SINGAPORE (AP) — President Donald Trump wrapped up his five-hour nuclear summit with North Korean leader Kim Jong Un with surprisingly warm words and hope for “a bright new future” for Kim’s isolated and impoverished nation. Yet he immediately faced pointed questions at home about whether he got little and gave away much in his push to make a deal with the young autocrat — including an agreement to halt U.S. military exercises with South Korea.
Meeting with staged ceremony on a Singapore island, Trump and Kim signed a joint statement Tuesday agreeing to work toward a denuclearized Korean Peninsula, although the timeline and tactics were left unclear. Trump later promised to end “war games,” with ally South Korea, a concession to Kim that appeared to catch the Pentagon and Seoul government off guard and sowed confusion among Trump’s Republican supporters in Washington.
While progress on the nuclear question was murky, the leaders spent the public portions of their five hours together expressing optimism and making a show of their new relationship. Trump declared he and Kim had developed “a very special bond.” He gave Kim a glimpse of the presidential limousine. Kim, for his part, said the leaders had “decided to leave the past behind” and promised, “The world will see a major change.”
Soon, Kim was on a plane headed home, while a clearly ebullient Trump held forth for more than an hour before the press on what he styled as a historic achievement to avert the prospect of nuclear war. Before leaving himself, Trump tossed out pronouncements on U.S. alliances, human rights and the nature of the accord that he and Kim had signed.
The details of how and when the North would denuclearize appear yet to be determined, as are the nature of the unspecified “protections” Trump is pledging to Kim and his government.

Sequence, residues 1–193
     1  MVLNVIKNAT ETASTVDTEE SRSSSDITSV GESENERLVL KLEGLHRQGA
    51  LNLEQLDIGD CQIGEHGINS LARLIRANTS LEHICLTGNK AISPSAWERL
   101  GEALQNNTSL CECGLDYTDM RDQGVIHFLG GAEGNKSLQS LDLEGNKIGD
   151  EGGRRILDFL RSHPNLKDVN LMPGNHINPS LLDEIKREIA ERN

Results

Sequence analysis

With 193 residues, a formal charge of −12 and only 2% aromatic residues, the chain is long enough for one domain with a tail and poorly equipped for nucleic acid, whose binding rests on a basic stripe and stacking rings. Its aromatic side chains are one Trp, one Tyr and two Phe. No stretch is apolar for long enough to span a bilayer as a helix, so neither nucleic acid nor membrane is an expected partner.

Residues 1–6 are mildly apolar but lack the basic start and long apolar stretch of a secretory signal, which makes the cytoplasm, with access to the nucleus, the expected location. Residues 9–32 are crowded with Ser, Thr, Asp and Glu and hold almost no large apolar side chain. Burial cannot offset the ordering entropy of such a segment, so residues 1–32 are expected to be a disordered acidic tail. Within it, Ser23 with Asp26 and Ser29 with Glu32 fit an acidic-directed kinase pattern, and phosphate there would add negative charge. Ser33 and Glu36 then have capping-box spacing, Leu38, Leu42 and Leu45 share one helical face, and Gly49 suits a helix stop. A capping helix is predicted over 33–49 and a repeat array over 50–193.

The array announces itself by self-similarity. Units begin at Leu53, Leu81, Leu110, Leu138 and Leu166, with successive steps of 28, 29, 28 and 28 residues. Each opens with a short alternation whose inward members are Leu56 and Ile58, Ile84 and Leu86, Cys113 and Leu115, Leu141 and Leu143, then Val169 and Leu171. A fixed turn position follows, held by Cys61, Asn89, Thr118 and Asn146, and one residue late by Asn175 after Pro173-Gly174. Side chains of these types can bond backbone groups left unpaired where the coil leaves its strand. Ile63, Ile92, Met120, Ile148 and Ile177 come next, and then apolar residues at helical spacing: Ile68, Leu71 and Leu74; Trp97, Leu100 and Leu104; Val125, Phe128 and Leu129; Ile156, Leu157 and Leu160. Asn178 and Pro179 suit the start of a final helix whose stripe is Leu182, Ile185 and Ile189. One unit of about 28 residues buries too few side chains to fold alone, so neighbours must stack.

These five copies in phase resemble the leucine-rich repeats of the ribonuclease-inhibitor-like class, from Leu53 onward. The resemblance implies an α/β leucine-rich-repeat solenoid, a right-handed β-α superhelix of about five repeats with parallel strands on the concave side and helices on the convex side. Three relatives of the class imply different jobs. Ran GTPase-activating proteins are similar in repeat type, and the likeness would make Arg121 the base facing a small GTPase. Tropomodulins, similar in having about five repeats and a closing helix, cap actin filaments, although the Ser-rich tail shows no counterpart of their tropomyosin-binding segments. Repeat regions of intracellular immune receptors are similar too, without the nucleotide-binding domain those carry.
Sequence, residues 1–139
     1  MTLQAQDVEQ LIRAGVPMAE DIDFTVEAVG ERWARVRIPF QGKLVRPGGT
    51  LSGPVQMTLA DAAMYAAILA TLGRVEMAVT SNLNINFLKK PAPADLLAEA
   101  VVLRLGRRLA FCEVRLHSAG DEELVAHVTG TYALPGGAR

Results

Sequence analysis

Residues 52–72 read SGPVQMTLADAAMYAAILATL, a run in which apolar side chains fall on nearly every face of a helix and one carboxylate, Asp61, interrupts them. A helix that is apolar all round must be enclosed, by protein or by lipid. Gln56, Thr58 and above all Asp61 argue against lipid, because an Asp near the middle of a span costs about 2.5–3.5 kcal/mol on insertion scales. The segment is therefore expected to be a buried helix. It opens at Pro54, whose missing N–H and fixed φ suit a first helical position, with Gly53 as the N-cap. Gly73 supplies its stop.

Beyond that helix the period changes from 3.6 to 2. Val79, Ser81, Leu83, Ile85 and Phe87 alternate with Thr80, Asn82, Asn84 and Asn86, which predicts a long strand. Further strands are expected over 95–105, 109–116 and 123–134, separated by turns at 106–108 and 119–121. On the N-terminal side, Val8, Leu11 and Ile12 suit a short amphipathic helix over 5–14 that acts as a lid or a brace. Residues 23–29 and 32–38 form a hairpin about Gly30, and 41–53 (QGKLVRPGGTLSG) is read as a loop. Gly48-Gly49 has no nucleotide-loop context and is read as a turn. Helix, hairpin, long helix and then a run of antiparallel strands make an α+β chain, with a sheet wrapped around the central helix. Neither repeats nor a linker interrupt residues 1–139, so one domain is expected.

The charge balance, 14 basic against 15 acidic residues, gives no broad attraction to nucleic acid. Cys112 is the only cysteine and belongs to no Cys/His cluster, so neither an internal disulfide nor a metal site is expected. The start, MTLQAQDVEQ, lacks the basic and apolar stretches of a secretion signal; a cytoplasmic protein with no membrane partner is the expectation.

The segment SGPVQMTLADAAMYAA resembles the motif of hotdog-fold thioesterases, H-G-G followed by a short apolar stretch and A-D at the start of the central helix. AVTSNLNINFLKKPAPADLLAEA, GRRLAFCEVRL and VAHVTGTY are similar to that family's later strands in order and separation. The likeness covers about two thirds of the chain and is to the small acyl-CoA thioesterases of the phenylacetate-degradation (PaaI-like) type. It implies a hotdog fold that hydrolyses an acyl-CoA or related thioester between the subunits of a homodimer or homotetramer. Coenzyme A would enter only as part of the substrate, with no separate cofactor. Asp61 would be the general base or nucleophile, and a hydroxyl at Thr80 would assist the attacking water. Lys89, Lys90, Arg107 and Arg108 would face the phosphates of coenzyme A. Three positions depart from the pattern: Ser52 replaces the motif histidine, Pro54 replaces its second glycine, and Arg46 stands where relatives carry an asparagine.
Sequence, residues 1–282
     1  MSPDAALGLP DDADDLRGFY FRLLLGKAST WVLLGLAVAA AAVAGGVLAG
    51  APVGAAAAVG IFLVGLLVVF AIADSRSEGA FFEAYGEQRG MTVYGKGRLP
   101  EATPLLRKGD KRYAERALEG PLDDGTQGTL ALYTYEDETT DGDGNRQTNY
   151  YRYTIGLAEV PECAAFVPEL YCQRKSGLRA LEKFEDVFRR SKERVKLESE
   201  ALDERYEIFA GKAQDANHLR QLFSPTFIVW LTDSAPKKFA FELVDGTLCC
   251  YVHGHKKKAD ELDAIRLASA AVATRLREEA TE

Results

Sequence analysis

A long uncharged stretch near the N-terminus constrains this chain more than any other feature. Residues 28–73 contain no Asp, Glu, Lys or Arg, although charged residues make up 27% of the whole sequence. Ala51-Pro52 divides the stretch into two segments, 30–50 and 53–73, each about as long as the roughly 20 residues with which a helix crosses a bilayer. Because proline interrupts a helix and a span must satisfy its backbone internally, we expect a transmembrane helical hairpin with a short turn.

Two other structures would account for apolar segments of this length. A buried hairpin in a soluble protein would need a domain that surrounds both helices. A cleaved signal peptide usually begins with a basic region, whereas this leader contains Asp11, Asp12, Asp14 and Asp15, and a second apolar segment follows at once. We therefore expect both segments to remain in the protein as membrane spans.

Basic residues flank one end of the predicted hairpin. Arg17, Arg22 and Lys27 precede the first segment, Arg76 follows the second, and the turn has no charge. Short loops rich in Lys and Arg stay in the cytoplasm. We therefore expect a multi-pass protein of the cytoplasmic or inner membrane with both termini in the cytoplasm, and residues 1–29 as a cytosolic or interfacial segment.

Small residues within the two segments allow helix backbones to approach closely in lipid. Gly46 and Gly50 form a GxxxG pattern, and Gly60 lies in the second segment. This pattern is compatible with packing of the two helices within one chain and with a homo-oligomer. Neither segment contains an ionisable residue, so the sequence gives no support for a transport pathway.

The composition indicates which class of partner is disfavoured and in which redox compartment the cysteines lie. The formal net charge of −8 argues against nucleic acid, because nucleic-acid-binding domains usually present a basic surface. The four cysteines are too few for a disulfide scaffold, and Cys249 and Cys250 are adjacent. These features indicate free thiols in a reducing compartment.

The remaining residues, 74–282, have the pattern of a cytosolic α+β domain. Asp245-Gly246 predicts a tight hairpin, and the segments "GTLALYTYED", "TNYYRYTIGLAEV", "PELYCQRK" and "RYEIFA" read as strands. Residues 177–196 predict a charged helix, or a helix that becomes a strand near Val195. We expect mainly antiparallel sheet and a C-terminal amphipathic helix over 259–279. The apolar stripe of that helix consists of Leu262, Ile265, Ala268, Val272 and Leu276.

As Trump acknowledged that denuclearization would not be accomplished overnight, the North suggested Wednesday that Trump had moved away from his demand for complete denuclearization before U.S. sanctions on the long-isolated country are removed.
The state-run Korean Central News Agency said Wednesday the two leaders “shared recognition to the effect that it is important to abide by the principle of step-by-step and simultaneous action in achieving peace, stability and denuclearization of the Korean Peninsula.”
The White House did not immediately respond to the North Korean characterization of the deal.
The Singapore accord largely amounts to an agreement to continue discussions, echoing previous public statements and commitments. It does not, for instance, include an agreement to take steps toward ending the technical state of warfare between the U.S. and North Korea.
Nor does it detail plans for North Korea to demolish a missile engine testing site, a concession Trump said he’d won, or Trump’s promise to end military exercises in the South while negotiations between the U.S. and the North continue. Trump cast that decision as a cost-saving measure, but also called the exercises “inappropriate” while talks continue. North Korea has long objected to the drills as a security threat.
North Korea is believed to possess more than 50 nuclear warheads, with its atomic program spread across more than 100 sites constructed over decades to evade international inspections. Trump insisted that strong verification of denuclearization would be included in a final agreement, saying it was a detail his team would begin sorting out with the North Koreans next week.
The agreement’s language on North Korea’s nuclear program was similar to what the leaders of North and South Korea came up with at their own summit in April. Trump and Kim referred back to the so-called Panmunjom Declaration, which contained a weak commitment to denuclearization but no specifics on how to achieve it.
But Tuesday’s meeting was as much about theatrics as the details of a deal.
The U.S. president brushed off questions about his public embrace of the autocrat whose people have been oppressed for decades. He did say that Otto Warmbier, an American who died last year just days after his release from imprisonment in North Korea, “did not die in vain” because his death helped bring about the nuclear talks.
U.S. President Donald Trump holds up the document that he and North Korea leader Kim Jong Un just signed at the Capella resort on Sentosa Island Tuesday in Singapore. The most tangible outcome of the summit between President Donald Trump and North Korean leader Kim Jong Un seems to be a commitment to recover the remains of U.S. military personnel missing in action and presumed dead from the Korean War. In a joint statement signed by the leaders Tuesday, the countries committed to the recovery of the remains and the immediate repatriation of those already identified.